USTR - Developing markets for your business
Office of the United States Trade Representative

 

Developing markets for your business
By: Gregory Walters, Director of Small Business Affairs, Office of the U.S. Trade Representative 11/09/2004

On November 4, 2004, the U.S. Small Business Administration’s Office of Advocacy released a study titled, “Costs of Developing a Foreign Market for a Small Business:  The Market & Non-Market Barriers to Exporting by Small Firms.”  This study investigated the issues that impair or impede U.S. small businesses from entering into foreign markets.  The complete study can be found at http://www.sba.gov/advo/research/rs241tot.pdf.

The study concluded that most small firms enter the international marketplace as a reactionary response to potential customers.  As a result, out of pocket costs of export didn’t inhibit exports, but rather psychological, personal and opportunity costs were greater barriers.  In other words, most small businesses saw exporting as taking away from there domestic sales rather than adding to them.  But for those companies who did wish to take advantage of the international market place, the large fixed costs of starting exporting were so high that they served as an impediment to exporting.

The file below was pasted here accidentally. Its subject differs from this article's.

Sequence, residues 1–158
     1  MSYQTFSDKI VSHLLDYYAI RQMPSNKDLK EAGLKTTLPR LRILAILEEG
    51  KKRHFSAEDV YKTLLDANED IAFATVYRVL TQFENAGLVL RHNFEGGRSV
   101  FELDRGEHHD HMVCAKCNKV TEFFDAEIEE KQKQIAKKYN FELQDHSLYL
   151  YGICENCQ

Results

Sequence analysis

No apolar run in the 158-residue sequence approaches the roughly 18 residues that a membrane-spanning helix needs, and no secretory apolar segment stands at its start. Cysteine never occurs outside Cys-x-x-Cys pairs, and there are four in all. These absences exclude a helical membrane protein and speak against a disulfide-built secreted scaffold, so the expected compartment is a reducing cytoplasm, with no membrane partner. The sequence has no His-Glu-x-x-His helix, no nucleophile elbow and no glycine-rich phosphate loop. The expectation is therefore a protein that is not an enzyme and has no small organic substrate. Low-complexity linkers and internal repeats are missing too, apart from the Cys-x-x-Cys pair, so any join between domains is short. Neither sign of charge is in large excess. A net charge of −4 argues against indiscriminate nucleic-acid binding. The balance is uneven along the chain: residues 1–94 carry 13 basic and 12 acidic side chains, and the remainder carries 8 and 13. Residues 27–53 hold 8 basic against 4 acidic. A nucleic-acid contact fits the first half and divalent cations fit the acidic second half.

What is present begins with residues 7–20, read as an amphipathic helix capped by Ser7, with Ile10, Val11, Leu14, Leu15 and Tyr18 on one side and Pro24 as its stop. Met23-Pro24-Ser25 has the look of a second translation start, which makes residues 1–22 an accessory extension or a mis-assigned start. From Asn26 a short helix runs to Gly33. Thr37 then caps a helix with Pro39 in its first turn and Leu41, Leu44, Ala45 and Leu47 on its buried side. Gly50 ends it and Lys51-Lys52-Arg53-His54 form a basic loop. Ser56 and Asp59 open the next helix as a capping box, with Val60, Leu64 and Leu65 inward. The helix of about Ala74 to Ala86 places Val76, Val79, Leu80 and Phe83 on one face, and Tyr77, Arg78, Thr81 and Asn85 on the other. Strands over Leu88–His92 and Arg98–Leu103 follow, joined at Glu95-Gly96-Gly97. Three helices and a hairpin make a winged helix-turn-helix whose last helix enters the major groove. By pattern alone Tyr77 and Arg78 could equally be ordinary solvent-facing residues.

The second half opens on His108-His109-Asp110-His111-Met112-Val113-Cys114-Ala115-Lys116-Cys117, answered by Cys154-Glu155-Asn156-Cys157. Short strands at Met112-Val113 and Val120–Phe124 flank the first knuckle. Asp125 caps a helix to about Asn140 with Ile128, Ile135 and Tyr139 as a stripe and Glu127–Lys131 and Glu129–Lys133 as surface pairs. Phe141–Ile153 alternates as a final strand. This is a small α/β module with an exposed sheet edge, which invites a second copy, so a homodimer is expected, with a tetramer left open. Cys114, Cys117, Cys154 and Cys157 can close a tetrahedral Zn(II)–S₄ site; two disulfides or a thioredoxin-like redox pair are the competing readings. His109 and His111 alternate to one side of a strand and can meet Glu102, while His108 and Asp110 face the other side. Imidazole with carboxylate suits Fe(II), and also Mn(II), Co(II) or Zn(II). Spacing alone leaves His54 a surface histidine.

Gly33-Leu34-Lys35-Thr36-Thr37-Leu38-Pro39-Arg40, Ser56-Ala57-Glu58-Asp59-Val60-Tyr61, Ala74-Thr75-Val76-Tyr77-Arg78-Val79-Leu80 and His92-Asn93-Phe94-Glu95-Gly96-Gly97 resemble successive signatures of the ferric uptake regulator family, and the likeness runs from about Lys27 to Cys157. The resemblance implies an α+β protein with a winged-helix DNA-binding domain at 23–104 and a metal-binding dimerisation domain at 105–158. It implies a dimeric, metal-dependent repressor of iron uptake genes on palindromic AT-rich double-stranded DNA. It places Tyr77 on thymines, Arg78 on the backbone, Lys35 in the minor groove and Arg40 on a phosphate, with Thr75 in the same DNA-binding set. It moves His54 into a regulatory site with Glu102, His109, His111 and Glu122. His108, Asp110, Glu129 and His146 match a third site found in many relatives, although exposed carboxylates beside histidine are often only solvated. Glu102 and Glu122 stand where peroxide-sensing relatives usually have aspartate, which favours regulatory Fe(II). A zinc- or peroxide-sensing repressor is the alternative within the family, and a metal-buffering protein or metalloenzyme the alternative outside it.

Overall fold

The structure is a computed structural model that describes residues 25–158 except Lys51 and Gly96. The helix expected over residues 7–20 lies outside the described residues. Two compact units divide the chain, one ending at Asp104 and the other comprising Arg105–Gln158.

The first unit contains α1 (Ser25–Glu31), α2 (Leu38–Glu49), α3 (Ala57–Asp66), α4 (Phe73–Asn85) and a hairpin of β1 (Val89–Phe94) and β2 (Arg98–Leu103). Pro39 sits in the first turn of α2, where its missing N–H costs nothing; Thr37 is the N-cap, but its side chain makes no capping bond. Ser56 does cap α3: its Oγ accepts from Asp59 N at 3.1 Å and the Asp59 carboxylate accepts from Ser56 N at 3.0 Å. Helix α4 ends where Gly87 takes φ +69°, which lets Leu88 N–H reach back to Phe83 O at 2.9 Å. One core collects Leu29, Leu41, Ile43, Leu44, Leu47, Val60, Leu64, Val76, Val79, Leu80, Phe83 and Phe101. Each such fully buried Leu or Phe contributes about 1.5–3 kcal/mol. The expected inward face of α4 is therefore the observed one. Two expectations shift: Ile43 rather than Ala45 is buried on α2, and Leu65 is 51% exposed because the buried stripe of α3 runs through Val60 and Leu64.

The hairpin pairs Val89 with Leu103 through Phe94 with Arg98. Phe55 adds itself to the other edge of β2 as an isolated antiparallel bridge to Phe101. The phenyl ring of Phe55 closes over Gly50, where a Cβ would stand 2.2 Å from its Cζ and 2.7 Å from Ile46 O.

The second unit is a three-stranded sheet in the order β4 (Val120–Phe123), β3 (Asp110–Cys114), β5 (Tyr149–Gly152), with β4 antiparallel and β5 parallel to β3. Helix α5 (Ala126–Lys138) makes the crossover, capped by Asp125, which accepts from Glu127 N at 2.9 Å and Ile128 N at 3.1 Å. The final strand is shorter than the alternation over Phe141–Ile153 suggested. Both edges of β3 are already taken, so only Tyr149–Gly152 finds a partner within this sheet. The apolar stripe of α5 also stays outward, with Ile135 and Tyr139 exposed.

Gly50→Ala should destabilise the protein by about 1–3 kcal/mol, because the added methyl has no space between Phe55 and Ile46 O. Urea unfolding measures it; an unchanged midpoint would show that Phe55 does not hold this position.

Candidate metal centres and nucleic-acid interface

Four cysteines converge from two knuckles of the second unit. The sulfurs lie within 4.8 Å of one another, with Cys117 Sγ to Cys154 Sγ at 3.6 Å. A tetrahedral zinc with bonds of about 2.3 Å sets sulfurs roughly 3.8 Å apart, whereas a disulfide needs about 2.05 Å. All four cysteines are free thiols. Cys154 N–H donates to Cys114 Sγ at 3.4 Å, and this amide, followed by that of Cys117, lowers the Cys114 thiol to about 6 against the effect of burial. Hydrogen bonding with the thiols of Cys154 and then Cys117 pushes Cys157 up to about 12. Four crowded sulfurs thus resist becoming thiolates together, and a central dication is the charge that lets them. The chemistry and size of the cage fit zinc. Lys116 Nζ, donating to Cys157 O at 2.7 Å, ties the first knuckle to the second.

By aggressively opening markets abroad, the Bush Administration is committed to assisting U.S. small businesses proactively pursue export opportunities.  Through the U.S. Department of Commerce, the federal government offers a first step to exporting at www.export.gov.  Additionally, by calling 1-800-USA-TRADE, any U.S. company can talk to a live federal international trade specialist.  The U.S. Small Business Administration offers counseling through its representatives in the U.S. Export Assistance Centers throughout the country.  Information for their locations can be found at www.sba.gov/oit.  For small businesses that are looking to expand their international strategies, the Department of Commerce Foreign Commercial service offers several programs through www.buyusa.comU.S. small businesses looking for assistance in financing international transactions can look for resources from the Small Business Administration and the Export-Import Bank of the United States, www.exim.gov.  If your small business is interested in transaction insurance or setting up overseas facilities, the Overseas Private Investment Corporation can assist through its small business programs, www.opic.gov.

 
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